You may have forgotten, or never known, that when we moved in here about thirty years ago there was no soil at all. The house was sliced into the top of a shale hill, and the bankside was raw shale. What I did was to dig the shale out (personally), in beds when I was still entirely vigorous, and in holes later, to thigh depth. Then I imported soil, mixed it with compost and supers, and so made beds in which the roses flourished for many years.
Since then I’ve been using a garden fork in the beds at pruning time, to loosen the top soil but in order not to disturb the “wood-wide web” below that level.
So when you recommended the box trick I got a strong labourer in, gave him a spade, and told him to dig. He got down to the level of the garden fork I’d been using. The rest, below that, is hard clay again. Heavens knows how good garden soil can transform itself into rock-hard clay! Anyway, I’m going to ask him to do all the beds, and we’ll see what the roses look like in spring. Thanks for your advice.”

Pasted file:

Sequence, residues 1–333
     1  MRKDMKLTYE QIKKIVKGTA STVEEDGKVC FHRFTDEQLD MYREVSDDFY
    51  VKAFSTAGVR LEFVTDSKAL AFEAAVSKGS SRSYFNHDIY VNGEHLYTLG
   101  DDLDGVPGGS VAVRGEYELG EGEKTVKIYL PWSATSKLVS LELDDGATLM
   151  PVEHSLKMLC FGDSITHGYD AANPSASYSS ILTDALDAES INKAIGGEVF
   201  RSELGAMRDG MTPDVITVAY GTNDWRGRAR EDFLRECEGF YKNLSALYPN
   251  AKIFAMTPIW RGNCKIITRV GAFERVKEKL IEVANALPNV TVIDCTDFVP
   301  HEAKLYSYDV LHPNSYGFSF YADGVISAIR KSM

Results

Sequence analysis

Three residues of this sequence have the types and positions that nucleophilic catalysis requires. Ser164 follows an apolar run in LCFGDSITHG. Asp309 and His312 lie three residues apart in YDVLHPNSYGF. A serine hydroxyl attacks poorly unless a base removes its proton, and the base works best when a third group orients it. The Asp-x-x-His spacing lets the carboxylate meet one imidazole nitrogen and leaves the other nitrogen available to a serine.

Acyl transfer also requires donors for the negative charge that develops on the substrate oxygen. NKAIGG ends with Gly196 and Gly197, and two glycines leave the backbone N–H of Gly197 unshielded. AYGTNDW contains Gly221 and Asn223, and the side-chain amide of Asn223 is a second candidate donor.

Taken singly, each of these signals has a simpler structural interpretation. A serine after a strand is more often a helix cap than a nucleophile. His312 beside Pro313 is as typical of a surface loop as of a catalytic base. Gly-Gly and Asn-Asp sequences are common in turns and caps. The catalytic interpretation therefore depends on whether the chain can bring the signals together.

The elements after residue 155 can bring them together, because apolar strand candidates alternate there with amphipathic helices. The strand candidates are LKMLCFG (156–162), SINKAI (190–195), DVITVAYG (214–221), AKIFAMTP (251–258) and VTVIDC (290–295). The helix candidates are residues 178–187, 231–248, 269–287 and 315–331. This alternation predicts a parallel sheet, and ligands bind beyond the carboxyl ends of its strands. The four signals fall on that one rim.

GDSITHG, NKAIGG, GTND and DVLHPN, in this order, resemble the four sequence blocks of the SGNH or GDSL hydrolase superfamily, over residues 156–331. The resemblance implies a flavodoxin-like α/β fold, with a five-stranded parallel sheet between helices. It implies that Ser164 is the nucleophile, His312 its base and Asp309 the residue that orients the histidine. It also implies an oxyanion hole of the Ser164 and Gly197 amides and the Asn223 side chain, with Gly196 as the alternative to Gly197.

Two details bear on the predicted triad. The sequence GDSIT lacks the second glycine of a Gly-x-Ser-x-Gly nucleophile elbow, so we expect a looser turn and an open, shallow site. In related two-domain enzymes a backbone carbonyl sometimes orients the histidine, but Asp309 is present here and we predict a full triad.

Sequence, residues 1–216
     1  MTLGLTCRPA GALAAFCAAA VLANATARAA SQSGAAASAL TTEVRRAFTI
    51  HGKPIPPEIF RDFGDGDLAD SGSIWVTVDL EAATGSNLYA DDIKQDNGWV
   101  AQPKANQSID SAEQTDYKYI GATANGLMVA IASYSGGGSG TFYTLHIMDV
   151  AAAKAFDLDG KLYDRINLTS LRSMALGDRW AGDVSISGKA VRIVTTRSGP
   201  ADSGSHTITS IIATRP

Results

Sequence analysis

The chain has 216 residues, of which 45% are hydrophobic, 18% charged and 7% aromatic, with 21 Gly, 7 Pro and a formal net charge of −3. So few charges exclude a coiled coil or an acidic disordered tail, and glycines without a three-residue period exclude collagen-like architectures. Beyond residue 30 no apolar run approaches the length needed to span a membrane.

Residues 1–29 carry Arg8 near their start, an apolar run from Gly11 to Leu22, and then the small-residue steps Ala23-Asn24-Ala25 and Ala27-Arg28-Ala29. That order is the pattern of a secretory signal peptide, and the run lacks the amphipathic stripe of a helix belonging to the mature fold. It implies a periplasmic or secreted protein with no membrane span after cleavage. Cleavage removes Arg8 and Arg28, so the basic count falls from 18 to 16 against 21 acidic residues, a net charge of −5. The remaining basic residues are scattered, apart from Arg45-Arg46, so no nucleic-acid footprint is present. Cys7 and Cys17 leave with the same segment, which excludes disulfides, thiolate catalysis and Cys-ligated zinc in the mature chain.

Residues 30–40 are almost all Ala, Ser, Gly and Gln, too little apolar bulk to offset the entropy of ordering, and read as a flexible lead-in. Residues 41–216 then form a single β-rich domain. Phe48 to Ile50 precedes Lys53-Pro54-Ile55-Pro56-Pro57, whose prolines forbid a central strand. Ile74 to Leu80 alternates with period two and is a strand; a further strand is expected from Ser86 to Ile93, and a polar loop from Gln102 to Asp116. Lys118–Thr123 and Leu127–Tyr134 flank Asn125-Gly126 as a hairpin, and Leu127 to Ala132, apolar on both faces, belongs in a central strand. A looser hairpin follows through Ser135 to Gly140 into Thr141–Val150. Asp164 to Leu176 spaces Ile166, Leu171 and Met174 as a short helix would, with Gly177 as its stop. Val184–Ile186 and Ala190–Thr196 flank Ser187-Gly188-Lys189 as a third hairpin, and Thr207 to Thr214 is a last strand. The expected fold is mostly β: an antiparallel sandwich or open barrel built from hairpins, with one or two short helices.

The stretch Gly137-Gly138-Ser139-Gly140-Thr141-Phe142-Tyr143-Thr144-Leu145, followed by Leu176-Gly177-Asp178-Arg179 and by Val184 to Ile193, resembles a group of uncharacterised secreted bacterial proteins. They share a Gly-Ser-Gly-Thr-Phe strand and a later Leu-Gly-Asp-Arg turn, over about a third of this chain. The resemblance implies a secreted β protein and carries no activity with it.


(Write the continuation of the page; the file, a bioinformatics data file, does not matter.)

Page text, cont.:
Digging in an old rose bedding for new roses
I recently came across this information below, which coincides with my observation even though I didn’t know how it worked. I suppose this interconnection is difficult if each plant is in its isolated hole in rock-hard shale.
Carried out by researchers from the University of Aberdeen, the James Hutton Institute and Rothamsted Research, the study demonstrated that the plants are able to send warnings of incoming aphids to other plants connected to their network. The plants then send out a chemical signal that repels aphids and attracts wasps, a natural aphid predator. The research follows previous findings that have shown plants can communicate similar chemical warnings through the air. The new study says plants can connect with other via a common fungus known as mycorrhizae. “Mycorrhizal fungi need to get